Loftin’s next two controversies came in September when MU School of Medicine Dean Patrick Delafontaine abruptly resigned after less than a year on the job.

No explanation has been given for his sudden departure, but it’s believed that personality clashes between the two men led Delafontaine to step down.

The same month, Loftin discontinued the clinical privileges for a Planned Parenthood physician and terminated multiple relationships with different Planned Parenthood affiliates.

The moves came after Loftin took heavy criticism from conservative members of Missouri’s Legislature amid national controversies over the nonprofit’s handling of fetal tissue. On campus, the perception was that Loftin caved to political pressure.

Later, Mizzou restored some clinical privileges to three nursing students to work with Planned Parenthood on a limited basis.

Those missteps, plus a general feeling among some that Loftin is an ineffective manager, resulted in members of the MU’s English Department issuing a vote of no confidence in Loftin earlier this month.

The Faculty Council also piled on, issuing a public letter of concern regarding Loftin.

“We had concerns about his leadership,” Faculty Council member Martha Steffens said.


Monday morning’s curators meeting opened with Wolfe’s abrupt announcement of his resignation. But later, as the curators met behind closed doors, Wolfe remained in the room.

In what probably sealed Loftin’s fate, all nine of MU’s sitting deans sent a letter to the board of curators — revealing it to the public even as curators met. The letter asked for Loftin’s resignation over what the deans described as the “chancellor’s failed leadership.”

Among their complaints was Loftin’s role in “creating a toxic environment through threat, fear and intimidation.”

It’s a stark contrast to the perception Loftin has created publicly as the genial bow-tied chancellor, prone to popping up at social events and known for taking selfies with students.

The letter from the deans likely gave the curators the cover they sought to move Loftin out of the chancellor’s seat, and into some unspecified research role beginning in January.

“It was the deans that did him in,” one university leader said.

Even so, on Monday, after Wolfe’s expected resignation, it was believed by some that Loftin would be spared. The thinking was that he’d used his public relations prowess in successfully outmaneuvering Wolfe.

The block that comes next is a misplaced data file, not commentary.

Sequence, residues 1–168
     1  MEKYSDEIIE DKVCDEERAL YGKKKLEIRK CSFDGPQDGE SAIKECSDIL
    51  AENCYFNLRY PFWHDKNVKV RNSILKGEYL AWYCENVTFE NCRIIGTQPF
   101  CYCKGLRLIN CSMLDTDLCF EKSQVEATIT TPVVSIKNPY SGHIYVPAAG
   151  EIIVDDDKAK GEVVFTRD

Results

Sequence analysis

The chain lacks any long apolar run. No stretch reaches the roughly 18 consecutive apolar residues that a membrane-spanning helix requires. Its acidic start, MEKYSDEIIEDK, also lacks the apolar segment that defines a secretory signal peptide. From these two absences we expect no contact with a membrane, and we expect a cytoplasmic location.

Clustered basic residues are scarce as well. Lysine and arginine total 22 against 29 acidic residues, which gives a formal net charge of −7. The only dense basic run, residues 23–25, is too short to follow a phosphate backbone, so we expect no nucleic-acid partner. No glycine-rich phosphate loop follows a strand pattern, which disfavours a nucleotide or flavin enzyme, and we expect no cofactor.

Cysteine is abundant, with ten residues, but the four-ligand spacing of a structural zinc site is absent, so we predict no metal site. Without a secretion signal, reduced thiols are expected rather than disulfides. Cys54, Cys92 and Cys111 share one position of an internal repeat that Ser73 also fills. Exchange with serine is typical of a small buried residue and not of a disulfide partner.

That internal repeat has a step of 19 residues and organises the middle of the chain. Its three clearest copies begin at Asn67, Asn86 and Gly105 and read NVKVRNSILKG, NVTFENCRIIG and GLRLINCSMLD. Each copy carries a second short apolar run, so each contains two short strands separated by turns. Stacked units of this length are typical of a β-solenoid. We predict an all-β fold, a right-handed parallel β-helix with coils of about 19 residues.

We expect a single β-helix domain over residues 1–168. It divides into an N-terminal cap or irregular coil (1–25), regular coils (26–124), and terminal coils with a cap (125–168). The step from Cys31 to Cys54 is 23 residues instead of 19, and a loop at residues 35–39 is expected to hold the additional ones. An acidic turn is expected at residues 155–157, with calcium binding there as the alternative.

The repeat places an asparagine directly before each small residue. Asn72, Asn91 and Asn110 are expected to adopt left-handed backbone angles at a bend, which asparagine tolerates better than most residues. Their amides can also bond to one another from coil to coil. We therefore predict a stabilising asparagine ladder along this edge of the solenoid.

People who know the two said their relationship was lukewarm at best.

As the marathon closed-door session progressed, Loftin’s luck turned.

The chancellor was summoned to appear at the meeting Monday afternoon, entering through the back door.

He emerged later, stripped of his title.

More Mizzou coverage:

Mizzou professor tells students he is quitting over decision to hold exam as racial tensions boil

Hashtag offers glimpse into what some college students experience

Mizzou protesters vow to carry on amid the aftershocks of upheaval

Lake Saint Louis man, 19, charged with making online threat against Mizzou

Pinkel distances himself from protests

Professor apologizes for bullying student photographer

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Koran Addo is a reporter at the St. Louis Post-Dispatch

Related to this story

Timothy M. Wolfe, former University of Missouri System president, may have legitimate complaints about how his tenure at the university ended, but a vitriolic message to friends and donors will not help heal the rupture. In fact, his rambling Jan. 19 email message, reported by the Post-Dispatch's Koran Addo on Wednesday, reads as an unprofessional and heavy-handed attempt to blame everyone but himself.

For a university system trying to send a message about inclusion and diversity, a photo of the University of Missouri Board of Curators defies the best public relations effort the university can muster.

The photo shows a group of six, white people of a certain age. One is a woman. The photo doesn't show it, but they're all lawyers. This is the board that for the foreseeable future will determine how higher education progresses at the state's signature land-grant university and three other campuses in the system.